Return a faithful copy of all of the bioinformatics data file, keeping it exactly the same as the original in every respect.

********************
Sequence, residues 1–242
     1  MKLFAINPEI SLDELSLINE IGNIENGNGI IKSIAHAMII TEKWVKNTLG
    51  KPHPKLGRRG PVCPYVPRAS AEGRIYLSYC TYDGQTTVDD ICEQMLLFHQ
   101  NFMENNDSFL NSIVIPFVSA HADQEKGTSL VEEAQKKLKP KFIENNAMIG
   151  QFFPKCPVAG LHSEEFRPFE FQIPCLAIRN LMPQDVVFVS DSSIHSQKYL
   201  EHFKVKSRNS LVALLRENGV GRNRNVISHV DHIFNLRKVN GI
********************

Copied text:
Sequence, residues 1–242
     1  MKLFAINPEI SLDELSLINE IGNIENGNGI IKSIAHAMII TEKWVKNTLG
    51  KPHPKLGRRG PVCPYVPRAS AEGRIYLSYC TYDGQTTVDD ICEQMLLFHQ
   101  NFMENNDSFL NSIVIPFVSA HADQEKGTSL VEEAQKKLKP KFIENNAMIG
   151  QFFPKCPVAG LHSEEFRPFE FQIPCLAIRN LMPQDVVFVS DSSIHSQKYL
   201  EHFKVKSRNS LVALLRENGV GRNRNVISHV DHIFNLRKVN GI